2 The result for δ > 0 was proved by Sharir and Welzl [4] in an indirect manner, via an equivalence with the following very special case of the Generalized Lower Bound Theorem. This motivated them to ask for a more direct and simpler proof. Let P be a convex polytope which is the intersection of d+4 halfspaces in general position in R d. Let its edges be oriented according to a generic linear function (edges are directed from smaller to larger value; generic means that the function evaluates to distinct values at the vertices of P). Theorem 3 ([4]). The number of vertices with d 2 1 outgoing edges is at most the number of vertices with d 2 outgoing edges. Finally, let us remark that in [4] it is also shown that Theorem 1 is equivalent to the following result about halving triangles: Theorem 4. Every set S R 3 of 2n + 1 points in general position has at least n 2 halving triangles. All proofs in this paper can be easily translated to the more general setting of circular sequences (see [2]). 2 Geometric tools We assume that coordinate axes are chosen in such a way that all points have different abscissa. The tools we use are inspired in the rotational movement introduced by Erdős et al. [1]. Definition 2. Let P S. A P k rotation is a family of directed lines Pt k, where t [0, 2π] is the angle measured from the vertical axis, defined as follows: P0 k contains a single point of P, and as t increases, it rotates counterclockwise in such a way that (i) P P k t = 1 except for a finite number of events, when P P k t = 2; and (ii) whenever P P k t = 1, there are exactly k points of P to the right of P k t. The common point P P k t = {p} is called the pivot, and it changes precisely when P P k t = 2. Observe that P k 0 = P k 2π. Definition 3. Let l + and l denote, respectively, the open halfplanes to the right and to the left of l. Let ω(l) be the weight of l +. Given a P k rotation, we say that P k δ if ω(p k t ) δ for every t [0, 2π], and similarly for the rest of inequalities. A rotation B k is δpreserving if either B k δ or B k < δ. Symmetrically, R k is δpreserving if either R k δ or R k > δ. Lemma 5. In an R k rotation, transitions δ δ + 1 and δ + 1 δ in ω(r k t ) are always through a balanced line. In a B k rotation, transitions δ δ 1 and δ 1 δ in ω(b k t ) are always through a balanced line. Proof. When a red point is found during an R k rotation, the weight of the halfplane is preserved because the pivot point changes. Therefore, the change δ δ + 1 happens when a blue point is found in the head of R k t (Figure 1, left), while δ + 1 δ happens when a blue point is found in the tail of R k t (Figure 1, right). In both cases, the points define a balanced line. For a B k rotation, the proof is identical. 2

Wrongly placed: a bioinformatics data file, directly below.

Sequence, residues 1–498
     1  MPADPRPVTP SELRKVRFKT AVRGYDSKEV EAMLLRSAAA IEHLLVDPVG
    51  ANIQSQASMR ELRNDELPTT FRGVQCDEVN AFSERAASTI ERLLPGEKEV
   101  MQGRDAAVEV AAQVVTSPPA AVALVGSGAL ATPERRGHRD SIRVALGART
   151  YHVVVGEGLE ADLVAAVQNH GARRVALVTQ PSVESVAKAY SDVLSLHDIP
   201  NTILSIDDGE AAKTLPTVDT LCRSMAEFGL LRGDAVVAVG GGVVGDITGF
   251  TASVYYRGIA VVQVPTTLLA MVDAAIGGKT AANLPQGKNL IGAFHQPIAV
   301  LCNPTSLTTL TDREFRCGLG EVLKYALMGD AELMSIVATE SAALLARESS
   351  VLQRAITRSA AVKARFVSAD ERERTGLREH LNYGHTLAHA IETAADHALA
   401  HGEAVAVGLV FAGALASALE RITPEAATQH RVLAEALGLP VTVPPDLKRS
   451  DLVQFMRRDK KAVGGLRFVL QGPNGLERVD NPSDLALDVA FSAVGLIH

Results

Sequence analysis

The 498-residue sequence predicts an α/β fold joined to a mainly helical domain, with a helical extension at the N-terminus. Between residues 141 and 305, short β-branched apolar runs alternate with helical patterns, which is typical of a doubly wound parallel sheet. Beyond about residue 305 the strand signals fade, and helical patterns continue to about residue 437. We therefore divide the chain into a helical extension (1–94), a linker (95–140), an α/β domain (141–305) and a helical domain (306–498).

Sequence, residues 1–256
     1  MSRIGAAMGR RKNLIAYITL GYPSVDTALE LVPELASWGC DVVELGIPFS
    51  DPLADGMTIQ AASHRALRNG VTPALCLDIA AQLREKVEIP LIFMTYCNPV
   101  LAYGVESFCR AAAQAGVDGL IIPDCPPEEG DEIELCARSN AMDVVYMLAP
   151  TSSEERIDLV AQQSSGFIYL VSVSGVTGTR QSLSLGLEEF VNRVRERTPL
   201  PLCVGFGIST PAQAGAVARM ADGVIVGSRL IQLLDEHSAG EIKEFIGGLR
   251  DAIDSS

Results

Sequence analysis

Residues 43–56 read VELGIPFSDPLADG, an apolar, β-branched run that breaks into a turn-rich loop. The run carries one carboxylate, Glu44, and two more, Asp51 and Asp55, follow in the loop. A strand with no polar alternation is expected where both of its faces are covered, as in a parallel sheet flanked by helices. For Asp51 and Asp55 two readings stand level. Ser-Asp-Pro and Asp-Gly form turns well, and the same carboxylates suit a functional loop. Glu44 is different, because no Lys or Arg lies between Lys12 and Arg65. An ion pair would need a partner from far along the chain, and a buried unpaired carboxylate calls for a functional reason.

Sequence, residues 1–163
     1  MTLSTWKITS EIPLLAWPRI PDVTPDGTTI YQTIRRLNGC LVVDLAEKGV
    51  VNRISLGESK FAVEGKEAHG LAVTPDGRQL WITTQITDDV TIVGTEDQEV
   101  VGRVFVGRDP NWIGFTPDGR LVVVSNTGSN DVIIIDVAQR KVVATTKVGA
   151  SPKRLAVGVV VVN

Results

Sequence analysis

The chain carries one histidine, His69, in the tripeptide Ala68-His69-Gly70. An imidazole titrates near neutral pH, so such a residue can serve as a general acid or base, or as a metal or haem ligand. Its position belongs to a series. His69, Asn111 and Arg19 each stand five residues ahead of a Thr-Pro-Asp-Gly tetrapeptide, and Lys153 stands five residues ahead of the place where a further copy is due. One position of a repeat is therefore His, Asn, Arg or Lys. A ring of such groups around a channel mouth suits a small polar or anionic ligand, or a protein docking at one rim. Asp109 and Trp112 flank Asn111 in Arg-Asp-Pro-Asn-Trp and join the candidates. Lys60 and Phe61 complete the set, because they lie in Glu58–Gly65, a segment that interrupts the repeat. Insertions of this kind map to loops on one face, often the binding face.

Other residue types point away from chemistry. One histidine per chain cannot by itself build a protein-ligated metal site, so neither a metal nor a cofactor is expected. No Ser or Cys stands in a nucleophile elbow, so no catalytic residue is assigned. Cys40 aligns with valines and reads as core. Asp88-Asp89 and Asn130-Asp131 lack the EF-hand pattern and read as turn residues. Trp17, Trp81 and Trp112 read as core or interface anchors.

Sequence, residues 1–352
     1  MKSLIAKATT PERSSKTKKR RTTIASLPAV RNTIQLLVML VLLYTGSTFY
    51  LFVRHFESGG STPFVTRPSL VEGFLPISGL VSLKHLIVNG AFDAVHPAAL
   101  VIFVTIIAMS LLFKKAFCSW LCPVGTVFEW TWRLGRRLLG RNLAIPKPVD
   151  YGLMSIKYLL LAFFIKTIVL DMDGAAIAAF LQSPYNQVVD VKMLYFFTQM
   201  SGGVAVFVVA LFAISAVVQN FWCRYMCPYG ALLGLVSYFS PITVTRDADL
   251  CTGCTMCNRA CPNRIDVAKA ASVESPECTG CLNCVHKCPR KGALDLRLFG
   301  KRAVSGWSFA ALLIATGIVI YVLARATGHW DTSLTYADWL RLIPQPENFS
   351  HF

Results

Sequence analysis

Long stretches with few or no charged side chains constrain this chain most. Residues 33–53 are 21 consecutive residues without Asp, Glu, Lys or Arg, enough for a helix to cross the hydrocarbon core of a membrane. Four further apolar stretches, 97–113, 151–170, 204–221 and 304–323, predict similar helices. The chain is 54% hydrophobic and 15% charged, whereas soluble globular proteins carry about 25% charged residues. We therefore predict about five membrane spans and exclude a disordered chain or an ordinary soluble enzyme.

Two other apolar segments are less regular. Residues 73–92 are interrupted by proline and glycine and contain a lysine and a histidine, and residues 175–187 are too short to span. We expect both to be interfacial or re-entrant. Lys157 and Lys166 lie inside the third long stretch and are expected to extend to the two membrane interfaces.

3 r R k t b b R k t r δ δ + 1 δ + 1 δ Figure 1: Transitions in an R k rotation are always through a balanced line. Claim 8.1 in [3] has now a more direct proof: Lemma 6. If r is odd, there exists a balanced line which is a halving line of S. Proof. Let k = r 2 and consider an Rk rotation. If R k 0 δ, then Rk π > δ, and conversely. Therefore, there exist transitions δ δ + 1 and δ + 1 δ in ω(r k t ) which, from Lemma 5 are always through a balanced line. Observe that both transitions are through the same balanced line, with angles t 0 and t 0 + π. Remark 1. Let us observe that Theorem 1.4 in [3], which states that Theorem 2 is true when R and B are separated by a line l, has now an easier proof: if we start R k rotations with a line parallel to l, for each k there exist exactly one transition δ δ + 1 and one transition δ + 1 δ which, from Lemma 5, correspond always to a balanced line. If r is even, there are 2 balanced lines for k = 0,..., r 2 1, for a total of r balanced lines, while if r is odd there are 2 balanced lines for k = 0,..., r 2 1 and 1 balanced line for k = r 2. Remark 2. Lemmas 5 and 6 conclude the proof of Theorem 2 if no R k rotation is δpreserving or if no B k rotation (with k δ) is δpreserving. Hence, in the following we assume that there exists either at least one R k rotation or one B k rotation (with k δ) which is δpreserving. Lemma 7. Let 0 j r 2. If Rj > δ then B j+δ δ, while if B j+δ < δ then R j δ. Proof. Consider the line R j t 0. The halfplane (R j t 0 ) + contains j red points and b > j + δ blue points. Therefore, the line B j+δ t 0 is to the right of (R j t 0 ) + and contains at most j red points. Then, ω(b j+δ t 0 ) δ. The proof of the second statement is analogous. The next definition generalizes the concept of P k rotation in two different ways: parallel movements are permitted and the number of points to the right of the line can change. Definition 4. A P sliding rotation consists in moving a directed line l continuously, starting with an l 0 which contains a single point p 0 P, and composing rotation around a point of P (the pivot) and parallel displacement (in either direction) until the next point of P is found. Furthermore, after a 2π rotation is completed, the line l 0 must be reached again. This movement is clearly a continuous curve in the space of lines in the plane. For instance, if a line is parameterized as a point in S 1 R, a P sliding rotation describes a (nonstrictly) angularwise monotone curve, with vertical segments corresponding to parallel displacements. Let Σ be a P sliding rotation. Let us denote by Σ t the line with angle t with respect to the vertical axis defined as follows: if there is no parallel displacement at angle t, then Σ t denotes the corresponding line. Otherwise, it denotes the leftmost line corresponding to angle t. Definition 5. A P sliding rotation Σ is simple if Σ t+π is to the left of Σ t for all t [0, π). 3